I took Gina hunting on Saturday; I was excited to go, since Gina’s been feeling so great lately. Plus, this fixture (Xu’Be Ranch) is much closer to the barn than Flint Creek. Since I hadn’t been there before, I asked my friend Rachael for directions. Her directions made me seriously reconsider going:
“You will come to a stop sign in Barnsdall. Go left through town and then right at the end of town (it kinda looks like you could continue straight up the hill but don’t go that way). You should still be on Hwy 11. Continue on until you get to Pershing. Not much there except a big rock building that I think used to be the school. After the rock building is a road. Go left. Go a block to a stop sign and go left again. Road will curve right then back left. The ranch entrance is in the left curve…take a right into the ranch over the cattle guard. Continue on ranch road. Stay on main road- don’t take the first right, continue on until you see the house and a little barn. Here go right and there will be a gate. You will see trailers at this point. Go through the gate and shut it behind you. Cattle in that pasture.”
My reply to this set of directions was “WTF I am definitely going to get lost.”
Happily, Google Maps got me to the small town of Pershing and I was able to follow Rachael’s directions from there. (Although I did nearly miss the left turn past the big rock building…I don’t know if Gina has forgiven me for the sharp turn!) I arrived with plenty of time to tack up and finish getting dressed.
Xu’Be Ranch is really interesting place. Located in Osage County, the ranch is approximately 1,000 acres of prairie land that once housed several oil wells and a gasoline plant. In 2000, the owners of the ranch donated an 800 acre easement to the Trust For Public Land. That easement has ensured it will be protected from being subdivided or developed for homes, businesses, or roads. Harvard Fox Hounds is permitted to hunt there thanks to the generosity of the late Dr. Lydia Wyckoff, co-owner of the ranch and a member of the hunt, and her brother, the ranch’s current owner who still lives there.
The land is very Oklahoma- it’s got a few gently rolling hills covered with native grasses. There are groves of small trees interspersed through the landscape. It’s also extremely rocky, with big rock outcrops and jagged stones protruding from the ground. It’s a far cry from a well-kept cross country course! It’s also very different from the Flint Creek fixture- Xu’Be is much more open and much flatter. It also doesn’t really have much in the way of jumps- a few coops in fencelines that were easily gone around.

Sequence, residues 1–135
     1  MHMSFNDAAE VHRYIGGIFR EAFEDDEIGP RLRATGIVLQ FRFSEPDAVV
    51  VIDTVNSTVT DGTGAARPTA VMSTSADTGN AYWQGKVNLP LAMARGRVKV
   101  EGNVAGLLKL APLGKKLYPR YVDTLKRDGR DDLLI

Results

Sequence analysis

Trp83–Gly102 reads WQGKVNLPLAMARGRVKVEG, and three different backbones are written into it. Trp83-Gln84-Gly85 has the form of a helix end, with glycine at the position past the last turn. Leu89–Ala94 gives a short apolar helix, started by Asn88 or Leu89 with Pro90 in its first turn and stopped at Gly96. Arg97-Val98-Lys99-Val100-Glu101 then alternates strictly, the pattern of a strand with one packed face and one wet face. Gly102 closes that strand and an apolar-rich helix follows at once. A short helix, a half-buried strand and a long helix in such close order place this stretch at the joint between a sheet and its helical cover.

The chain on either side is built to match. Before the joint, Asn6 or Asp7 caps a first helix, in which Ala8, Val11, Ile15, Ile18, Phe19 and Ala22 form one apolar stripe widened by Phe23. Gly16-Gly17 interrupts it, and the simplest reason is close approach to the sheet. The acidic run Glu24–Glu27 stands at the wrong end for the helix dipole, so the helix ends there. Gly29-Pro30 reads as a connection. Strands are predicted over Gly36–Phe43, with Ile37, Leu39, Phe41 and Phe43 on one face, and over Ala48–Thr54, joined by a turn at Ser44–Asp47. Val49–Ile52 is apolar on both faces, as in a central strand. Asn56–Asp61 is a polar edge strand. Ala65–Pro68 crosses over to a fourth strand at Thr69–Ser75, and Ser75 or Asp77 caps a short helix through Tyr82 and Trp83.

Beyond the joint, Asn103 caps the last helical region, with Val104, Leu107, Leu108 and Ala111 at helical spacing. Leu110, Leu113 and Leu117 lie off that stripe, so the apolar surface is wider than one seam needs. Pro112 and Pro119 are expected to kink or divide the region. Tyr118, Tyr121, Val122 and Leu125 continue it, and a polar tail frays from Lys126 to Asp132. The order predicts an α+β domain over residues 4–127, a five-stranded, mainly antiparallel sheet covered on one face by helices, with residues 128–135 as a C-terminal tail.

It was hot and sunny on Saturday, which are not ideal scenting conditions. The hounds didn’t seem to ever really find anything, but there were a few minutes of haring off after the pack that were pretty fun. The most exciting moment for Gina and me came fairly early in the day. We’d been out about an hour, and the staff was trying to gather the hounds up and move them toward a pond so they could get a drink and cool off. Most of the hounds were totally on board with this idea, except for one. Twister (who I think is the infamous Titan’s brother) was dead-set on racing off into the wide open spaces for reasons unknown; maybe he was heading back to the hound truck! He and another hound took off down a ranch road; my friend Bess galloped off after them with her mare Molly, and Gina and I followed suit. The two of us were on either side of the hounds, hoping to turn them around back to the pack. The other hound faltered after a few minutes and Bess and Molly were able to get in front of it and herd it back toward the rest of the field. Twister kept right on going, so I gave Gina a squeeze and a cluck. She picked up her pace and caught up with Twister, then laid her ears flat back and snaked out her head toward him. He slowed down and Gina spun like a reiner to get in front of him. He started running back to his fellow hounds and we followed him at a slow canter.
The rest of the hunt was pretty uneventful; no sightings, no great chases, no more rogue hounds. We headed back in after about two and a half hours and found some of the ranch’s longhorn cattle milling around the trailers! They scattered at the sight of us. I untacked Gina, rubbed her down with Sore No More, and schlepped a bucket of water half a mile from the barn to the trailer. (And of course, she ignored it.) After hunt breakfast, I headed back to the trailer to load up Queen G and found a couple of loose horses. The longhorn cattle had returned to make themselves at home! They were munching away on haynets, sipping from water buckets, and a couple of them had even climbed into someone’s trailer. I’m guessing the loose horses had spooked at the cattle- no one was injured and the cattle were chased away without much fuss.
I’m really looking forward to closing hunt in a couple of weeks- it felt great to get back out in the field!